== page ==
Laminitis trigger factors

In addition to being overweight, there are other possible triggers of laminitis. We list what you should look out for...

- A dietary ‘insult’ that has changed the fermentation in your horse’s hind gut (eg a very large meal of starch)

- Badly shod feet, uneven weight bearing, or repetitive trotting on hard ground. These all affect blood flow to the foot over time. Traumatic causes could be thought of as being similar to persistently hitting your thumb with a hammer, and the resultant blood blister and inflammation; mechanical causes could be thought of as similar to getting pins and needles because
of ill-fitting shoes

- Starch overload, post-colic surgery and liver problems which all cause inflammation in the body. This may result in endotoxaemia, which affects blood flow rapidly, often within 12 to 48 hours – the onset of laminitis is then dramatic and sudden

- Physiological stress caused by being cold or in pain. Latest research suggests laminitis is strongly connected with hormones. If a horse or pony is under stress, his cortisol levels go up, and this rise, over a long period, can cause insulin resistance. This, together with him being ‘comfortably cuddly’ will make him more susceptible to laminitis

Horse passports

horse passport

Not sure about horse passports? Here a re a few handy hints:

  1. A horse may not be transported without his passport – this includes travelling to shows or even a few miles for a hack. Movement ‘on foot’ is fine. Anyone without a passport has three hours to produce it!
  2. Owners of horses without passports face a fine
  3. It’s a legal requirement to return your passport to the Passport Issuing Organisation (PIO) when your horse dies. They may return it, overstamped, for a fee
  4. A passport is not proof of ownership – if you’re buying a horse, make sure you verify ownership yourself and get a receipt
  5. All horses requiring a passport after 1 July 2009 need to have a microchip implanted by a qualified vet. This applies to foals and to adult horses who need a new passport
  6. If you buy a horse you have only 30 days to register yourself as the new owner, or face prosecution
  7. Livery or other yard owners will need to make arrangements with horse owners for passports to be available within the three-hour time limit in the event of an inspection
  8. Your horse's passport also states whether your animal can be used for food at the end of its life. You can declare that your animal isn’t intended for human consumption by filling in the appropriate section of the passport. This can’t be changed later.

For more information visit

Who can sell your horse?

Essentially no one can sell your horse without notifying you but if your horse has escaped you will need to claim ownership within four working days.

The law (legislation) is “The Control of Horses Act 2015”. This came into force on 26 May 2015 for horses in England. The act has brought together several different laws that were quite complex. There were also many loopholes in these laws that that were exploited by less than honest horse owners. The Control of Horse Act 2015 has safeguards in place to protect responsible owners and includes the following:

   If your horse escapes from his field you'll need to claim ownership within four working days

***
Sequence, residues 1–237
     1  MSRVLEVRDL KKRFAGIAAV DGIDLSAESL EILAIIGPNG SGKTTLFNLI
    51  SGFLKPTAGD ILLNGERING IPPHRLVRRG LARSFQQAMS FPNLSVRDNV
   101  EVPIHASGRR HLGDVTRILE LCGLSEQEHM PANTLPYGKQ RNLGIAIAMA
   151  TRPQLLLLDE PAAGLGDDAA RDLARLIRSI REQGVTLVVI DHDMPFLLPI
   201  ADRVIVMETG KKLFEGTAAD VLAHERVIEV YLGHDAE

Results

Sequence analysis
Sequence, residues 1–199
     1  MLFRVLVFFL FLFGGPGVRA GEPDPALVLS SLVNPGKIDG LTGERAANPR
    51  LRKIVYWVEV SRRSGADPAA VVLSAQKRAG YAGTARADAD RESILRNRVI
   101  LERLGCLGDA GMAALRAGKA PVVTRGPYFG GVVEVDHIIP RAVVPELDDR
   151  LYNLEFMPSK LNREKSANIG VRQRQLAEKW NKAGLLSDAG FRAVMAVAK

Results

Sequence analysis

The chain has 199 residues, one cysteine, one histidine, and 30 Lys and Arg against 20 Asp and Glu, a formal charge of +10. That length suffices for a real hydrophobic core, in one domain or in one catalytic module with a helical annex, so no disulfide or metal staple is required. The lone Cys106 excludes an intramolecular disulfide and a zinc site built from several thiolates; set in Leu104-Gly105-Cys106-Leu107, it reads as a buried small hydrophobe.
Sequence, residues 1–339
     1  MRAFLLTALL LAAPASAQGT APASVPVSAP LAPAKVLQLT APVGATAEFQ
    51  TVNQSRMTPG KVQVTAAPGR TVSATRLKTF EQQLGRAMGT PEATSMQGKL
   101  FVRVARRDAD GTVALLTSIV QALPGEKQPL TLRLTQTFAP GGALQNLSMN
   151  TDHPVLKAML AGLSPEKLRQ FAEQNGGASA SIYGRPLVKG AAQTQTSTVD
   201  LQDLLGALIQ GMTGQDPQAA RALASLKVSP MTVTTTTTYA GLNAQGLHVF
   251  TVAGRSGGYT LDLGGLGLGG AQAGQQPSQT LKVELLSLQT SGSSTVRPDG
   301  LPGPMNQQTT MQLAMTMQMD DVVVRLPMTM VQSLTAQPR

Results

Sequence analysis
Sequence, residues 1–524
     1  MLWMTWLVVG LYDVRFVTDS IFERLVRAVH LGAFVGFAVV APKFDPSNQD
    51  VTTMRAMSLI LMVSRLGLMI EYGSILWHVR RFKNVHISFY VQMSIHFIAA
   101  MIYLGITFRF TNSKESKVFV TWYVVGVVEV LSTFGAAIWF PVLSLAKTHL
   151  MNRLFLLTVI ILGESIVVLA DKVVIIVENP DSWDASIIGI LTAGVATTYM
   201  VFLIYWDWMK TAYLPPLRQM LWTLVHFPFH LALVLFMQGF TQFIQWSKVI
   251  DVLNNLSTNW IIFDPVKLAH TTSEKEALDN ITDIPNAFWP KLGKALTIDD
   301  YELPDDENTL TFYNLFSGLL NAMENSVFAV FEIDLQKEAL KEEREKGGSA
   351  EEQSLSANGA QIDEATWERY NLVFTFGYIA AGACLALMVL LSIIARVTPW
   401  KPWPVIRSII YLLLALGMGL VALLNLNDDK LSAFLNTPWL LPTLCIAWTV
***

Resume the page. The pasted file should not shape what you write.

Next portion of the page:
If your horse escapes from his field you'll need to claim ownership within four working days

  • Allows land owners to remove a horse left on their land to a safe place immediately
  • Police and owners of the horse must be notified by the land owner within 24 hours of the horse being removed
  • If no one claims ownership of the horse in four working days, the land owner can then decide what to do with the horse (this includes selling)
  • If you realise your horse is missing you should contact your local police (using their non-emergency number) so you can be reunited



Equine Insurance – our top tips

Insurance is a service offered to protect you against unpredictable costs. With any luck you’ll never need the cover you’ve paid for, and you could argue that putting all those premiums in the bank instead would leave you with a handy sum to fund the occasional setback. But, in the worst-case scenario, a single catastrophe could bankrupt you.

Whether you choose to insure or not, or opt for a basic or a ‘belt-and-braces’ policy, the key is to decide just how much risk you’re happy to live with and, before you get lost in piles of leaflets and internet downloads, take a minute to identify exactly what you need.  Here are our top tips:

Use our top tips to get the best policy for your horse

Use our top tips to get the best policy for your horse

  1. Ask to see the terms and conditions before taking out your policy, if there’s anything you don’t understand, call them up for further explanation.
  2. Have your horse’s passport number and new yard details to hand as you may be asked for this information.
  3. Ask what the different options of your policy cover as this can differ between companies.
  4. When taking out vet bill cover check to see if hospitalisation fees are covered or if this is an added extra.
  5. Some insurers add a fee of 10% on to the policy if you choose to pay monthly so check to see if yours does this.
  6. Online discounts apply so if you need anything explaining before buying online call who to get your questions answered first, then go online to take the policy out.

Who to insure with?

There are lots of reputable insurance companies and here are juts a few. Be sure to ring round to find the right deal for your horse.

Petplan –



NFU Mutual –

Shearwater –

Horse & Rider –

E&L –

Equi cover –